Why Do People Unfollow Brands on Social Media? How to Keep Your Followers Engaged
By Emily SmithNov 28
Published October 27th 2014
Recently, Brandwatch was listed among Crain’s 100 Best Places to Work in New York City. Spend one day in the office and it’s easy to understand why – employees have ownership of their work, there’s a friendly environment, we host ping-pong tournaments and we are constantly encouraged to pursue creative ideas.
However, one of the perks we often take for granted is the opportunity to explore the Brandwatch Analytics platform.
Okay, perhaps the prospect of crunching social data is not as tantalizing to some as the promise of a warm Murray’s bagel every Friday.
Still, the platform presents stories and information in ways that a Google search or Wikipedia page does not.
The information from social media isn’t curated by any algorithms and isn’t narrated by a few select authors. Rather, as social data is comprised of public online conversation, the information is the sum of all the events, discussions and ideas that the greater public finds important enough to express online.
To understand that concept, let’s take a look at the #BringBackOurGirls campaign.
One of the greatest aspects of the platform is its ability to convey the entire story behind a trend or social event.
In the case of #BringBackOurGirls, a simple query was able to reveal how the hashtag started, developed and reached capacity on Twitter. Take a look at the figure below:
Notice that first dot there from @obyezeks on April 23rd?
That marks the first tweet officially calling out for the #BringBackOurGirls campaign. Further digging reveals that the tweet from @obyezeks was actually inspired by speech from Nobel Laureate professor Wole Soyinka at UNESCO’s Port Harcourt World Book Capital in Nigeria that day.
Within a few weeks after that you can see the first news outlets and reporters starting to catch wind of the issue and bring serious momentum behind #BringBackOurGirls.
Zoom out fully and its clearly apparent how the hashtag changed hands from the early proponents to news outlets, politicians and finally celebrities.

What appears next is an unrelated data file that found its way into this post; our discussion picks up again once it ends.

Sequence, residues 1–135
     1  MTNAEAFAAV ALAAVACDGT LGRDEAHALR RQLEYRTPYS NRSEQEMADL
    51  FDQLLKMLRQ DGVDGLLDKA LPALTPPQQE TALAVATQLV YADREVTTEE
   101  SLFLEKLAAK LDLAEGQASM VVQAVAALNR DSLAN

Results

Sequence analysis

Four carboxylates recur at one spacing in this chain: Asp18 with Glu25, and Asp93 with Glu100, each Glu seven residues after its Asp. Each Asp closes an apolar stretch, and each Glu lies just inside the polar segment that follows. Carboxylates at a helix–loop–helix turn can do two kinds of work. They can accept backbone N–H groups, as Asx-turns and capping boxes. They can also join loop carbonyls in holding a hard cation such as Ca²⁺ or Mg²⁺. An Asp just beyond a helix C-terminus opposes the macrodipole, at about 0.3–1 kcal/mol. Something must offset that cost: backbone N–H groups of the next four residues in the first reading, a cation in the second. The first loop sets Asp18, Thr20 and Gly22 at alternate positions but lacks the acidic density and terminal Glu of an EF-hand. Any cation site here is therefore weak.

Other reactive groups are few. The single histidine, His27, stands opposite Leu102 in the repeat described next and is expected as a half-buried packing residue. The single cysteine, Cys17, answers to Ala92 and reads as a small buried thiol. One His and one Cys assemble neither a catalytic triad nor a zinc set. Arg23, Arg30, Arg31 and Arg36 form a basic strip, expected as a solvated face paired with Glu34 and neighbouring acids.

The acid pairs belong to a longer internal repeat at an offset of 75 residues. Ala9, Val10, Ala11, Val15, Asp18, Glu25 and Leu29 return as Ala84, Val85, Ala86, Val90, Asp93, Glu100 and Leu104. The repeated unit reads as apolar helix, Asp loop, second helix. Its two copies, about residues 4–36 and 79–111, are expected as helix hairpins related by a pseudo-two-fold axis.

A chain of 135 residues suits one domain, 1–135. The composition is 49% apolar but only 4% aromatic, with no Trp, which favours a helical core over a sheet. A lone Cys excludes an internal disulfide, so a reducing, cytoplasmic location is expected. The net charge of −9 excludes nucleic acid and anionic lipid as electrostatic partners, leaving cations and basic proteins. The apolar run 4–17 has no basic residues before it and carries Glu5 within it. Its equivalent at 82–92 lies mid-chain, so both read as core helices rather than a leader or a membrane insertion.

Through this storyline analysis, it’s easier to understand just how #BringBackOurGirls developed from a speech at a Nigerian book conference into an international statement coming from both important political figures and biggest celebrities.
A similar storyline analysis can be applied to any topic of interest.
If I want to learn what has happened with the US Federal Reserve’s bond tapering program over the past six months (don’t ask why), a quick query can reveal each important public milestone or event.
Each of the short upshots above represents a peak in conversation – a day or two where the portion of the online community that stays cognizant of the Fed’s activity decided that there was something important to discuss around the bond tapering program.
In a sense, each mention can be considered a single vote and the size of the peak is representative of how important the community voted the discussions were on that day.
Clicking through to any of those upshots, you can instantly see the important events, news stories or conversations surrounding Fed bond tapering at that point.
The internet, obviously containing massive amounts of information, has systems in place, such as search engines like Google, to curate and make sense of it all.
In the digital age, search engines and internet curators, governed by algorithms or independent authorities, determine what we read and how we process information online.
Social listening presents a new way to curate information, one that is solely governed by the opinions of the general public.
As an employee allowed to roam the platform freely, it is fascinating to have another way to uncover information online and to learn from the opinions and resources expressed on social media.
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